The full letter can be viewed directly below.

Organizations leading the effort included USCIB, Business Roundtable, the U.S. Chamber of Commerce, NFTC, American Chemistry Council, the American Farm Bureau Federation, the American Property Casualty Insurance Association, the Business Software Alliance and the Coalition for Services Industries.

Dear Ambassador Tai:

We welcome your recent remarks affirming the U.S. commitment to the World Trade Organization (WTO) and to successful outcomes at the upcoming 12th Ministerial Conference (MC12). We agree that the WTO can fulfill the promise of the Marrakesh Agreement by supporting market-based principles, promoting inclusive growth and addressing the challenges of today and tomorrow.

The U.S. and global economy, and the livelihoods of workers around the world, depend on an effective WTO. A level multilateral playing field helps American manufacturers, services suppliers, innovators and farmers – large and small – by enabling workers and communities to compete more fairly in markets around the globe. Since 1948, under the General Agreement on Tariffs and Trade and the WTO, world trade increased 40-fold in real terms to more than $25 trillion today. More than 30 percent of U.S. GDP today is derived from trade, and over 40 million American jobs – 1 in 5 – depend on trade and trade lowers costs for American families.

A successful MC12 will require urgent U.S. leadership to secure concrete deliverables that advance U.S. interests and competitiveness in areas such as fisheries, domestic regulations, agriculture, e-commerce, trade facilitation and pandemic response. Such results will demonstrate that the WTO can produce meaningful outcomes and can set a foundation for future reforms and commitments. Outcomes that weaken WTO rules, however, such as by undermining longstanding disciplines on subsidies, electronic transmissions or intellectual property, would instead weaken core WTO principles and commitments as well as support for the institution.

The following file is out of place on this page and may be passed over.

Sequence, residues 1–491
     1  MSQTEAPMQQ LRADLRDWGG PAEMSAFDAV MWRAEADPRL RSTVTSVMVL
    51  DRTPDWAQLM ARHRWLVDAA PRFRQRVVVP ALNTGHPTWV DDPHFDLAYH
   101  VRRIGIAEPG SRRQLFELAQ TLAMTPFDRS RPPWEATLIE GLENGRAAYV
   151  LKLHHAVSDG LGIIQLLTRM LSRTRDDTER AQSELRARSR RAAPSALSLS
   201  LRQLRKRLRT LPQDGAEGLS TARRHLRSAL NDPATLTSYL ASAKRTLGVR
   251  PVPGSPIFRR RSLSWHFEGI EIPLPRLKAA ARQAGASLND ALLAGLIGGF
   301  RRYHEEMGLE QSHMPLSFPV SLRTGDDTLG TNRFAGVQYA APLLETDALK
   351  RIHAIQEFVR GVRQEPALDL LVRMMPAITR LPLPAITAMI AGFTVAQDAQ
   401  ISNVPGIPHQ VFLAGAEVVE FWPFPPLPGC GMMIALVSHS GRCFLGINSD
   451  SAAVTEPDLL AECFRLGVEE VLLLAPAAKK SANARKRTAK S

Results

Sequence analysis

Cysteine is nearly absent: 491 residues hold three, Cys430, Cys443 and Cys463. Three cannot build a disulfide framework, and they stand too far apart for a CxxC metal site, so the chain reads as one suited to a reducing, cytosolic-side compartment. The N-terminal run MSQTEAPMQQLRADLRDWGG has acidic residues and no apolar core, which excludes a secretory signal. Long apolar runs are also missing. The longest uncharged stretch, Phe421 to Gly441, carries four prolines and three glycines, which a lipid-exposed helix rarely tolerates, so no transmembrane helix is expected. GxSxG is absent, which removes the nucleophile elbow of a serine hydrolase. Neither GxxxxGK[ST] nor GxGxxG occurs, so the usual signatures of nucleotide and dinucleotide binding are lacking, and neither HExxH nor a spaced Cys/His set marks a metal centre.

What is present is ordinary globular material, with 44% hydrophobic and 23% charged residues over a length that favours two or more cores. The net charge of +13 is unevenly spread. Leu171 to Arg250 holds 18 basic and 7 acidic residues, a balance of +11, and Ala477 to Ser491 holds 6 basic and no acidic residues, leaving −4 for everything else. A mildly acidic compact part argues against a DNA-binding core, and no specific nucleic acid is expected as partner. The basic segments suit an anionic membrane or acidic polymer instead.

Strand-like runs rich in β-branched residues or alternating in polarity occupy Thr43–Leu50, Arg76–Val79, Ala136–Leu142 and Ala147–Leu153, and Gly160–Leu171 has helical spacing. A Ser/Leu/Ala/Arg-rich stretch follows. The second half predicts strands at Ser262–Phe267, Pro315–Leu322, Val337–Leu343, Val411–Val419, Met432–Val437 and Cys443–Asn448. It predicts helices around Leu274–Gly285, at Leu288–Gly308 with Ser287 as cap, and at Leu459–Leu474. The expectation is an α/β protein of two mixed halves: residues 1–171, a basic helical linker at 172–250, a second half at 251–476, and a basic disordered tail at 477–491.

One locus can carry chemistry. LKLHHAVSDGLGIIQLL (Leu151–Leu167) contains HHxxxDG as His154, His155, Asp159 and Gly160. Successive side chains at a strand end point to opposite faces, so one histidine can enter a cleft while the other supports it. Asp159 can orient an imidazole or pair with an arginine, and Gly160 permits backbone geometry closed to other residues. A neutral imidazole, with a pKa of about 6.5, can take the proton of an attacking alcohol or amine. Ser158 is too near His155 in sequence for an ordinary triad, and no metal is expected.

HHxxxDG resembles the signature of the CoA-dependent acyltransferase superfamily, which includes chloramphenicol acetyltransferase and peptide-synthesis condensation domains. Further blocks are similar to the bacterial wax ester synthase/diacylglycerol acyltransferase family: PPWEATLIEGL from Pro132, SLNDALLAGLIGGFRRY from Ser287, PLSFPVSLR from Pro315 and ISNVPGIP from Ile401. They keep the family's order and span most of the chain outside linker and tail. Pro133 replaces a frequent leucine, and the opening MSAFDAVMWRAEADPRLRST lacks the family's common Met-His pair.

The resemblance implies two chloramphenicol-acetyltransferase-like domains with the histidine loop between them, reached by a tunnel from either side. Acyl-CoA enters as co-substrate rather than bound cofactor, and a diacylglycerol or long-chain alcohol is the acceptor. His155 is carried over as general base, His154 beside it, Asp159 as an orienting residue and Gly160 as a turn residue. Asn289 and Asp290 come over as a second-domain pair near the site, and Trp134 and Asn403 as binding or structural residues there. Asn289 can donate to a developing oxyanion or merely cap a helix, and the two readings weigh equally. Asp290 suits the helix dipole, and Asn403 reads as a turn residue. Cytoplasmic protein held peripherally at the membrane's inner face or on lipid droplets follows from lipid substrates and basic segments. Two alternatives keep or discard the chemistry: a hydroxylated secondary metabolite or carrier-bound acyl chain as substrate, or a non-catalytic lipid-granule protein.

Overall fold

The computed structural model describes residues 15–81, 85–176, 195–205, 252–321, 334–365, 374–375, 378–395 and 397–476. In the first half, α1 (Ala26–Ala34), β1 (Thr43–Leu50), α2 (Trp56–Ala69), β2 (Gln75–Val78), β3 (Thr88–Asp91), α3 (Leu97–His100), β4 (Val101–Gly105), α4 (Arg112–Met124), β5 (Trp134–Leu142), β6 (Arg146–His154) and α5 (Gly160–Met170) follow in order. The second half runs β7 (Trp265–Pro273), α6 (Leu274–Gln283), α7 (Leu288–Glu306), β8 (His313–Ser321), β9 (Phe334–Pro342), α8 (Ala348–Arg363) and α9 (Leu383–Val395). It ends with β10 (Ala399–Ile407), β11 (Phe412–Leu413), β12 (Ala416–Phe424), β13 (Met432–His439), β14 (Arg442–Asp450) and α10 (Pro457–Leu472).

Building off MC12, the WTO needs reform to meet the demands of today by modernizing its agreements and ensuring members follow existing rules and commitments. We support advancing a comprehensive WTO reform agenda that tackles dispute settlement, special and differential treatment, distortive non-market industrial subsidies, and state-owned enterprises. Reforms should also cover emerging services and technologies, enhance inclusivity, and help harness trade to address climate change. A modern WTO should expand plurilateral pathways to trade liberalization, update institutional rules and procedures, improve monitoring, promote greater transparency through notifications, and involve more stakeholders.

WTO dispute settlement holds parties to their commitments. Reforming the WTO dispute settlement system will require the United States to offer concrete and detailed proposals that address longstanding process and appellate body overreach concerns to enable the system to resolve disputes efficiently and effectively. The United States has successfully used WTO dispute settlement to challenge WTO violations without resorting to unilateral measures that draw retaliation and tit-for-tat escalation. Reforming and restoring the system will support U.S. interests and can hold WTO members accountable to their commitments.

The Administration can best support the international rules-based system and the WTO by making concrete proposals and partnering with allies who share market-based trade liberalization, modernization, and reform principles. Moreover, scheduling more frequent Trade Ministers meetings could help overcome impasses, support reforms and foster progress. We will continue to work with you and your team to advance our shared goals for the WTO. U.S. companies, workers, and families will all benefit when the WTO achieves what it was established to do.

Sincerely,

American Chemistry Council

American Farm Bureau Federation

American Property Casualty Insurance Association

Business Roundtable

Business Software Alliance

Coalition for Services Industries

National Foreign Trade Council

U.S. Chamber of Commerce

U.S. Council for International Business